each center
Facilities Materials and Equipment         To create and document a sweep             Achieved- The morning sweep checklist was
                                            checklist for the program.                 developed and implemented on September
                                                                                       2009.

                                           To complete a 20 minute safety             Achieved-Safety training was completed at
                                            training at each of the ten centers by     the beginning of the 2009 school year during
                                            June 1, 2010                               staff orientation. Thereafter, monthly safety
                                                                                       trainings take place during new employee
                                                                                       orientation for new staff.

                                           To install carbon monoxide detectors       Achieved-5 carbon monoxide detectors was
                                            at (5) centers by February 26, 2010        installed by February 2010 at the following
                                                                                       locations:
                                                                                            Yeadon Regional
                                                                                            Sharon Hill Regional
                                                                                            Chester Township Regional
                                                                                            Marcus Hook Regional
                                                                                            Woodlyn

Hygiene                                    Install hand sanitizer’s at the entrance   Achieved
                                            of every building
                                           Ensure that changing tables are in         Partially achieved- Changing tables are

                                                                                                                                        20
                   Topic                                       Goal                                            Outcome
                                                  every building                           installed in 8 out of 10 centers

                                                 Health Techs will check the bus and      Achieved- during the month of January
                                                  classroom first aid bags quarterly.
                                                  Necessary items will be replaced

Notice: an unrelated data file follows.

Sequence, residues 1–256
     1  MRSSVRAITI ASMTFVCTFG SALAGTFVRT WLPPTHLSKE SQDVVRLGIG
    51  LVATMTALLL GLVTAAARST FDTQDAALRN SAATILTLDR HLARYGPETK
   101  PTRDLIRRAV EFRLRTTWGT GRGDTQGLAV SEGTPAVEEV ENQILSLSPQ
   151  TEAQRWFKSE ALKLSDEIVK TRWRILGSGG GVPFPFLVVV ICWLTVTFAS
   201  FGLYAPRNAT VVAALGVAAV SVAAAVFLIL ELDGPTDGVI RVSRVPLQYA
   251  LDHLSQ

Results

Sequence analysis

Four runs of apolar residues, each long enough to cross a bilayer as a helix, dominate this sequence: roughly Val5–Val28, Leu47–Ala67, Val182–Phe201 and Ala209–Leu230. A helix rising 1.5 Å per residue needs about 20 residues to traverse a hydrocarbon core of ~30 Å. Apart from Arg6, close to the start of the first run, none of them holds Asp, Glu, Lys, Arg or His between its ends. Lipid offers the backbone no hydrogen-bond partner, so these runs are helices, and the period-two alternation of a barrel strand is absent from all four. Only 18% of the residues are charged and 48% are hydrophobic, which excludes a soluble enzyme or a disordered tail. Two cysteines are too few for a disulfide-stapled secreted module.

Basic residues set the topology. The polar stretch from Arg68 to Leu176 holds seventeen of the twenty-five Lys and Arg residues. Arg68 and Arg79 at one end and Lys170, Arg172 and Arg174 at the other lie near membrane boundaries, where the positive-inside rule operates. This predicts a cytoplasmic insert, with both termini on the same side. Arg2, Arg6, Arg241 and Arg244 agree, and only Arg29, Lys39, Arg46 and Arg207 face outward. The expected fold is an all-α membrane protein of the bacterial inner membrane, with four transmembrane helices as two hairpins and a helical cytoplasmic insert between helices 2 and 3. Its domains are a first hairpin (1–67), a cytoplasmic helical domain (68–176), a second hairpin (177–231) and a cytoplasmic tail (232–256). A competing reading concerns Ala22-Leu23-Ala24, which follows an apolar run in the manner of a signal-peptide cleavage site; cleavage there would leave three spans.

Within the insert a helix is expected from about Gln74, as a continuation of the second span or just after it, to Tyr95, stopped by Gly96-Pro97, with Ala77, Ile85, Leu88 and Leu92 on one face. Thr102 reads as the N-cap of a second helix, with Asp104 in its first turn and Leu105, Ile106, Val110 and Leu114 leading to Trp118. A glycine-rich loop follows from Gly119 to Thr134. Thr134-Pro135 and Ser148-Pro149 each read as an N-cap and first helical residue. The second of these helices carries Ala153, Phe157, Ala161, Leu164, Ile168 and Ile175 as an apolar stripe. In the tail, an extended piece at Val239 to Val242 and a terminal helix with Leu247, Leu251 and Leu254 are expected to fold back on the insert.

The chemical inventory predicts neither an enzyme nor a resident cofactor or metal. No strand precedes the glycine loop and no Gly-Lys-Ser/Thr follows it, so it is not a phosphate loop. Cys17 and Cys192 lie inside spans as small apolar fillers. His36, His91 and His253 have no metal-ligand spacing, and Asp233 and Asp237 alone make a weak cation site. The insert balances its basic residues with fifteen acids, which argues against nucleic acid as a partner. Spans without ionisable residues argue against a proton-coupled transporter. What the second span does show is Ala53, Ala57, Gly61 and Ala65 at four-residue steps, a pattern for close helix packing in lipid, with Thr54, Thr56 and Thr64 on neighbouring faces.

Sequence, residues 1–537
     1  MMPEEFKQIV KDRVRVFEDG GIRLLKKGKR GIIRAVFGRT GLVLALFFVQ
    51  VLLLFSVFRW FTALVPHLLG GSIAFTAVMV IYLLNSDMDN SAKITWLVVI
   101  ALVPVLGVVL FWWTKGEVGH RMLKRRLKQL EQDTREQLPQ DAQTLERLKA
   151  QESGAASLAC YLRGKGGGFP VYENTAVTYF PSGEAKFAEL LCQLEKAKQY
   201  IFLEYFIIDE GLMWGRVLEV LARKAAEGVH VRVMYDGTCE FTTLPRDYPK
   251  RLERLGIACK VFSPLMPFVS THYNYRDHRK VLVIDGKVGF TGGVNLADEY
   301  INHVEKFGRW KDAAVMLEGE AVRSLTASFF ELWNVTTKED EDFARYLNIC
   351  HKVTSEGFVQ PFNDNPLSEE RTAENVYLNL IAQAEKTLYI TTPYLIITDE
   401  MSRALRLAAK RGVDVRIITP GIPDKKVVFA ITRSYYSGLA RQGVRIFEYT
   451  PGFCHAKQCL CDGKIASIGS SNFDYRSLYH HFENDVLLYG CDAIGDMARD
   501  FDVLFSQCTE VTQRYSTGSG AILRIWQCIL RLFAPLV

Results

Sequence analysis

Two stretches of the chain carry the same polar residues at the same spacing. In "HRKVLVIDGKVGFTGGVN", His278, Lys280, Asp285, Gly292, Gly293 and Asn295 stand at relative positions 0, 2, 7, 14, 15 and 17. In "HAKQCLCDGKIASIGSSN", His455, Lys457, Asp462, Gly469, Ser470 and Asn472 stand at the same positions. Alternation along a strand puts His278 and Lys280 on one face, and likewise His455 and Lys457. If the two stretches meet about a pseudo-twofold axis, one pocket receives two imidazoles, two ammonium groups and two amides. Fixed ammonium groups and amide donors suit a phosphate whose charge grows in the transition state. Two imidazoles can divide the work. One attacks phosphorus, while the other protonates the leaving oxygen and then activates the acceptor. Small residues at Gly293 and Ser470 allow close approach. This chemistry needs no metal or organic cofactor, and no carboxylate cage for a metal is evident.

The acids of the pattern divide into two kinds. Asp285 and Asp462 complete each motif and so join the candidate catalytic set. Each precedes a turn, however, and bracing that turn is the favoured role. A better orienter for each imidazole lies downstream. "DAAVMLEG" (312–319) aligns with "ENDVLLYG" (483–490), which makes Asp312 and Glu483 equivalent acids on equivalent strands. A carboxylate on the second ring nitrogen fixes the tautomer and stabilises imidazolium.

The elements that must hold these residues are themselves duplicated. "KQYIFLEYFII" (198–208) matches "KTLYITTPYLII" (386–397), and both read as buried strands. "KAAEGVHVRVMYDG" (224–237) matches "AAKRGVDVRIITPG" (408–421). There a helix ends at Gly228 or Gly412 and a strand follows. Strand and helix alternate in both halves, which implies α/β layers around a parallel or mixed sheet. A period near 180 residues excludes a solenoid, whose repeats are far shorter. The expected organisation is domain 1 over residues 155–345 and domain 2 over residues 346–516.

Health and Safety at the Marcus Hook Center      Scrape and paint the entire building     Achieved-The entire building at Marcus Hook
(DVAEYC Report)                                                                            was scraped and painted during the month of

                                                 Install paper towel and soap             Not Achieved-We are researching a more
                                                  dispensers                               affordable cost
                                                 Install intercom system throughout       Achieved
                                                  the building

Health and Safety at the Yeadon Center           Replace doors throughout the building    Achieved- during the month of April
(DVAEYC Report)
                                                 Scrape and paint the entire building     Achieved-during the month of February

                                                 Install intercom system throughout       Achieved
                                                  the building

                                                 Replace all windows                      Achieved-during the month of April

                                                 Install paper towel and soap             Not Achieved-Researching a more affordable
                                                  dispensers                               cost

                                                 Paint lines in the parking lot           Achieved


On-going Monitoring                              Work with the Facilities Specialist on   Achieved- The Facilities Specialist, the
                                                  identifying possible safety issues per   Education Coordinator and our T/TA Specialist
                                                  center                                   visited a number of centers looking for
                                                                                           possible safety issues. A number of things

                                                                                                                                           21
Topic                    Goal                                       Outcome
                                                  were identified and addressed.

           Identify trainings that could help    Achieved-Safety trainings were provided at
            ensure safety in the work place       the full Staff Orientation and the monthly New
                                                  Employee Orientation

           Document the process of how           Achieved- Emergency Team Leaders are asked
            Emergency Team Leaders are selected   to volunteer to be their center’s team leader.